Little Hugh O’Carroll is a former rebel leader, or the leader of the actual planetary government, depending on your point of view. But he’s in exile, at least until a mysterious figure calling himself the Fundir offers Hugh a chance to get his planet, the New Eireann, back without bloodshed. The Fundir is apparently an agent of much more powerful people.

The other POV characters are servants of na Fir Li. They are sort of policemen. One of them is an expert in moving without being seen and the other is the only woman POV character. She’s drop-dead gorgeous and uses sex as a weapon, leaving broken hearts in her wake (eye roll). Their boss sends them out for other jobs but they are drawn to the Dancer.

The setting is far into the future. Humanity has spread into the stars. The biggest powers currently are Confederation of Central Worlds and the United League of the Periphery. Something has happened to old Earth and a group of people, called the Terrans, want to return to it but can’t. They live in slums (called the Terran Corners) and the others look down on them. Also, apparently people don’t invent new technology anymore. Newton and Einstein are gods and science is religion.

Other human groups seem to be based on cultures from India and old Celts. Some of the cultural stuff I rather enjoyed and I would have want to know more about the setting and the prehumans. Unfortunately, the characters didn’t grab me at all and the plot felt needlessly complicated. Also, there are heavy infodumps when introducing Hugh and later the interstellar police. But on the other hand, some stuff is left (I suspect intentionally but frustratingly) unclear. And the characters speak in a variety of pidgin English. While most of it was clear, some of it was pretty hard to understand.

Interesting ideas and structure but it just didn’t fully work for me.

Today, the topic for Top Ten Tuesdays is All About Dads.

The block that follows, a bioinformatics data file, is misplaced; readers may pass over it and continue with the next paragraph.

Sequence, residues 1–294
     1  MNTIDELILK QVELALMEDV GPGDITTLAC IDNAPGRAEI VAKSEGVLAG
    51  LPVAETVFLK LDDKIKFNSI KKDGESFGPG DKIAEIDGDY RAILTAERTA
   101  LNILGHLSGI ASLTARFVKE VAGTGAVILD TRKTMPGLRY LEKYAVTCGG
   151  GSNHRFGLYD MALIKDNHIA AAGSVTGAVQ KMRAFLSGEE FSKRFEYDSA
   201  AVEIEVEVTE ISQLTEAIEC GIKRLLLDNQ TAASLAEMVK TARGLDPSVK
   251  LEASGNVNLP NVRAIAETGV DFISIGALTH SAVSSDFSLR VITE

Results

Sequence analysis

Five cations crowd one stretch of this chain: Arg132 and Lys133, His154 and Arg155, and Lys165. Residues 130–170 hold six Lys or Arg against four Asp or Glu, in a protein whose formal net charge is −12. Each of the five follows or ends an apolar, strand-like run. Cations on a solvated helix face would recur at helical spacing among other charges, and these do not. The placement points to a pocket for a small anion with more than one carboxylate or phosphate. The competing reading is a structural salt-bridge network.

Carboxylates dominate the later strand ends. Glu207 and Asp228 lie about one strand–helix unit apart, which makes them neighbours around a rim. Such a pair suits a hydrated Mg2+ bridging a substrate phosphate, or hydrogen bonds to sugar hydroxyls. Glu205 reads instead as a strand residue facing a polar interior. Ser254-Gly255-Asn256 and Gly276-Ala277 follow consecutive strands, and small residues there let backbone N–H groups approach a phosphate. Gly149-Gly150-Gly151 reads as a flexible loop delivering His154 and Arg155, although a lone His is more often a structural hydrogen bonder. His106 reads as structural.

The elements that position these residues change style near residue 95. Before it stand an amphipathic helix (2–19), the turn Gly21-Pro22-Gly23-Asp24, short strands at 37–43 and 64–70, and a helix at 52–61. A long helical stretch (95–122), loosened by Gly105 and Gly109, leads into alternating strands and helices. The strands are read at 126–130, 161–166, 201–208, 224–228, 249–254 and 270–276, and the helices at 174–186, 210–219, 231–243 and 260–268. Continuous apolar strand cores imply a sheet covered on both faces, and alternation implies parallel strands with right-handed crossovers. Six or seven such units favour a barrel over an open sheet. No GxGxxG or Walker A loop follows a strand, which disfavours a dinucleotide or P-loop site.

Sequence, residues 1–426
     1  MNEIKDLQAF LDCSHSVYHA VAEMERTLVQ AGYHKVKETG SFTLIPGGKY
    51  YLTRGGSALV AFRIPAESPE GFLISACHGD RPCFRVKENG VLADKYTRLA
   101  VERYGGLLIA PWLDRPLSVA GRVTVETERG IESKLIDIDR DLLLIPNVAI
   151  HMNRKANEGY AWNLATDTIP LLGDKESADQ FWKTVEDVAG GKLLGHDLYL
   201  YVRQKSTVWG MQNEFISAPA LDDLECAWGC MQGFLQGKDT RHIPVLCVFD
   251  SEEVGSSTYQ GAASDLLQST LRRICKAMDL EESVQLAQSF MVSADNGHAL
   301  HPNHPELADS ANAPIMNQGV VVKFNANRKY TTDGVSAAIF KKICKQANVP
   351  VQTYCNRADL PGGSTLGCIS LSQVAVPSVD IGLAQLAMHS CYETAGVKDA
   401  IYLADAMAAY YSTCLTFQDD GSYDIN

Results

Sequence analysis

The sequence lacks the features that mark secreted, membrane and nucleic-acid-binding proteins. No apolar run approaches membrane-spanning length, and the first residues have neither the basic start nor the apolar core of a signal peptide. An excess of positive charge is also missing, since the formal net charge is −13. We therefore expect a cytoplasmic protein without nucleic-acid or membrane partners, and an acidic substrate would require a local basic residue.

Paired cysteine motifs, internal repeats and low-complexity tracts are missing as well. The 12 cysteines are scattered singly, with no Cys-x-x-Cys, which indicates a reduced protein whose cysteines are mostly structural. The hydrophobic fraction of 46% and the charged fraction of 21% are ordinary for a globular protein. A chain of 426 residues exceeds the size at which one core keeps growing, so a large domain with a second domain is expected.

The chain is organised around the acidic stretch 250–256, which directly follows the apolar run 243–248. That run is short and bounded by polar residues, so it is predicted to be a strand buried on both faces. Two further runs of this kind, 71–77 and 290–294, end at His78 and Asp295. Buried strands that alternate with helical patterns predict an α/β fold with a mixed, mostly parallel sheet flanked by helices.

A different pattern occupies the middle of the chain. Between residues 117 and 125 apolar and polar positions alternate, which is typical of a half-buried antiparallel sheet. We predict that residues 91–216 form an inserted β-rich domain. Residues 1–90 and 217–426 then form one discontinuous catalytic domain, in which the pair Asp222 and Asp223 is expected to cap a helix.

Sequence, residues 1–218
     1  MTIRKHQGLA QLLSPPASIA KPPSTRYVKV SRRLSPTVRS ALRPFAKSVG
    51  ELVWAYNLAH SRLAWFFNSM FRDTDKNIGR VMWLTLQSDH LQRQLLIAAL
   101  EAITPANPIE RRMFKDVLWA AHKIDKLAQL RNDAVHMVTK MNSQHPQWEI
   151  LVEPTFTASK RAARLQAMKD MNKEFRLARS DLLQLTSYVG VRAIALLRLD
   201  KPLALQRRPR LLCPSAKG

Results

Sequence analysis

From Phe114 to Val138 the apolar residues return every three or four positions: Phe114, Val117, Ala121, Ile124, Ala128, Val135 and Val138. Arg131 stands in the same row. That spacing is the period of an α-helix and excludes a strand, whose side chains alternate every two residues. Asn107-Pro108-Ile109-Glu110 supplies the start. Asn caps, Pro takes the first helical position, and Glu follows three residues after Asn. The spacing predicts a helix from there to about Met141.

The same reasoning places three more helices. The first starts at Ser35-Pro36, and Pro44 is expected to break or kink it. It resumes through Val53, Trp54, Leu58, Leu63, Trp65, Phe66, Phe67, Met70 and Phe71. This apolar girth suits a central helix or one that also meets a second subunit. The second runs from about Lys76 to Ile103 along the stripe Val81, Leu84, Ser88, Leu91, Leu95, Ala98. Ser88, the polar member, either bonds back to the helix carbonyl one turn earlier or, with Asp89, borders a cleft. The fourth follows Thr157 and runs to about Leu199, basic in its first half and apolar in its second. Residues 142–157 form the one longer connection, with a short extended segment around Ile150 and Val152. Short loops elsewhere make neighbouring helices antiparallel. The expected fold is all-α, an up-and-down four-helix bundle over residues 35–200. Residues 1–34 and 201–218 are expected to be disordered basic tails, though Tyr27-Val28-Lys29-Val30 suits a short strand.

There are plenty of horrible or absent fathers in media, so I decided to concentrate on the good dads:

Aral Vorkosigan by Lois McMaster Bujold
When Miles was little, Aral was the Regent of a whole planet so he had his hands full. Still, he apparently made time for little Miles. He also parented both Ivan and the young Emperor Gregor.

Cutter (and quite a few of the other Elfquest elves)
Since Elfquest follows the characters for hundreds of years most of them will become parents at some point. The elves are good parents: teaching and protecting the kids but also letting them learn themselves.

Jonathan Kent from DC comics
Martha and Johnathan Kent are the reason we have a Superman.

Ben Parker from DC comics
May and Ben raised Peter to believe that with great power comes great responsibility.

From tv:
Ruper Giles (Buffy)
We only see Buffy’s biological father a couple of times because he’s divorced and lives in another city. But Giles is the real father figure in Buffy’s life.

Benjamin Sisko (Star Trek: Deep Space 9)
Sisko and his son Jake go through some pretty terrible times in the show but also good times.

Rick Castle (Castle)
Rick and Alexis’ relationship is reversed from the way fathers and daughters usually behave. Alexis is the responsible, reliable one while Rick is the one who has strange adventures, plays poker, and stays out all night. They clearly love and support each other and I love their shared geekiness.

Jack Bristow (Alias)
Jack also supports her daughter, especially because they both work as spies and in the same organization. But sometimes he lies and keeps secrets from her.

Walter Bishop (Fringe)
Despite being a, well, not quite right in his mind, Walter, too, loves and supports his son.

Part of Marvel’s Secret Wars event. Collects Guardians of Knowhere 1-4 and New Avengers: Illuminati 3

Writer: Brian Michael Bendis
Artists: Mike Deodato, Jim Cheun, Mark Morales